No arrest yet, but woman’s murder in Deltaville ‘not a cold case’

No arrest yet, but woman’s murder in Deltaville ‘not a cold case’
Posted at 11:00 PM, Mar 20, 2018
and last updated 2022-02-14 12:05:33-05

DELTAVILLE, Va. –Eight months have passed since Margaret Thornton Lammers was found dead with a bloody crime scene surrounding her inside her family`s Deltaville cottage on Stove Point Road.

The 61-year-old woman, who went by Peggy, lived in Ohio with her husband, but returned to Richmond in 2016 to take care of her dying father.

She headed by herself to the 1970-built secluded waterfront getaway on July 8. Only one road leads to the longtime vacation home.

Peggy’s sister Anne Fergusson said she became concerned three days later, when Peggy stopped answering phone calls and text messages.

Anne talks about the need to find her sister Peggy's killer .

"It was rare she was here alone and rare she didn`t have her dog with her, or my dog,” Anne said.

One of Lammers` three children also grew worried when she couldn`t get a hold of her mom, especially since she was texting her mom about something she knew her mom would usually respond to.

That’s when Peggy’s husband contacted the Middlesex County Sheriff’s Office and requested a welfare check.

“I talked to my brother in law about 9, he said they said there are units on the scene, and he didn`t know what that meant,” Anne recalled.

A sliding glass door was left open, and the deputy walked in to find Peggy lying barefoot in a pool of blood, with one bloody shoe print on the floor nearby.

The family vacation home became the scene of a brutal murder.

But Anne said it would be weeks before investigators announced that they suspected foul play.

“I had to hear murder to believe it,” said Anne.

The medical examiner would later rule the cause of death as blunt force trauma. All around Peggy there were signs of a struggle; handbags had been dumped out and a telescope had been knocked over.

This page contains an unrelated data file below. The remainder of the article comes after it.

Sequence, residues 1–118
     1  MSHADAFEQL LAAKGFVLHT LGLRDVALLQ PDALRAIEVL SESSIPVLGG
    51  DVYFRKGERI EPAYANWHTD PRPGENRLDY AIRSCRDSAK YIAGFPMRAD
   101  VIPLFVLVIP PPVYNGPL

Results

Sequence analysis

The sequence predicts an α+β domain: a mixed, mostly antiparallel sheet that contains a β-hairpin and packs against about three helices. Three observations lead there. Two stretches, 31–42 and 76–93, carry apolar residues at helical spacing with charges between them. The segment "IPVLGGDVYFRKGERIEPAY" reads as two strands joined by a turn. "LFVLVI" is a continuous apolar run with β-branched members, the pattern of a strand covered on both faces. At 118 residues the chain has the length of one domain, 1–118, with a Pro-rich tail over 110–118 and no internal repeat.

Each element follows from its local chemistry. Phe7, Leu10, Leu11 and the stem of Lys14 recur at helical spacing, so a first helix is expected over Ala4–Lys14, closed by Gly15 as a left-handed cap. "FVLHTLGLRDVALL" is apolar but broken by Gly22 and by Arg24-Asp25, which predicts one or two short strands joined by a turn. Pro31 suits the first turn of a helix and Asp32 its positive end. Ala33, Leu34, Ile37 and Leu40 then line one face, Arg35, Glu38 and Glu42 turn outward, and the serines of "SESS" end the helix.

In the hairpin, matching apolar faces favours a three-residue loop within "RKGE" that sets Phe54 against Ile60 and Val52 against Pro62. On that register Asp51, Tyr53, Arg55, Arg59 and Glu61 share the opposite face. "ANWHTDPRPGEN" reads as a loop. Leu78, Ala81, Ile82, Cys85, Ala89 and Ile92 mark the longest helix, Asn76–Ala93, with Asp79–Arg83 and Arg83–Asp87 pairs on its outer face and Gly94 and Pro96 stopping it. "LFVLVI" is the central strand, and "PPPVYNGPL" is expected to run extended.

A knife, several beer bottles, and a half dozen DNA swabs were collected as evidence.

In December, the state forensics lab in Richmond confirmed that some of the DNA belonged to a person other than Peggy.

But to this day, no suspect has been named, and the family left wondering if she was killed during a random break-in gone bad, or if she was specifically targeted.

The family's Deltaville home was at the end of a secluded drive.

“It`s remote, it`s hard to get to, you`ve gotta know what you`re doing,” Anne said.

The neighborhood is one way in, one way out, with a lot of twists and turns. Investigators said that whoever killed Peggy most likely knew the landscape.

"If you are going into that area of the county -- that's your intent,” said Major Michael Sampson with the Middlesex Sheriff’s Office.

"Everybody is a suspect, but we don't believe there's an imminent danger, a killer running around Deltaville,” Major Sampson said.

He also does not believe Peggy was the victim of a botched burglary.

“Knowing her car was there, items of value in the home that were not taken, it's another piece of evidence that leads our detectives in a certain direction,” Sampson said.

Investigators believe the suspect or suspects had at least a 24-hour head start before Peggy was found.

No longer a peaceful place.

“I’m eight months into it and my 12-year-old daughter is having nightmares that`s someone`s breaking into the house to try to kill her,” Anne said.

To say that violent crime in that community is rare would be an understatement.

“It`s everyone`s paradise,” said Anne. “It`s a place where kids ride their bikes, people ride their golf carts, sail together, it`s family friendly.”

In the past, Deltaville has gone years without a single murder. But this neighborhood has dealt with break-ins and squatters, and rumors have circulated that a vagrant could be the killer.

Peggy Lammers was loved by many. Her family is seeking closure as they wrestle with her absence.

“Being a small community -- we have a lot of people worried about this,” Major Sampson said.

He said the murder of Peggy Lammers is not a cold case and that even though eight months has passed since her murder, detectives are closing that gap.

Sampson understands the family`s frustrations, and said detectives are in constant communication with other agencies that have handled cases like this before.

He said they have also re-submitted evidence to a lab in Florid and expect the results soon.

“My gut says we are going to get somebody -- we are absolutely going to find out what happened to Mrs. Lammers,” Sampson said.

"Somebody knows something," Anne said.

Anne Fergusson said she just hopes an arrest happens soon, because without closure, coping with the death of her sister has been impossible.

“I thought she`d be there forever, and I just really haven`t come to terms with it yet I guess,” she said.

“She was very caring, full of energy, very charismatic, funny girl, had a lot of friends, people loved to be around her,” Anne said.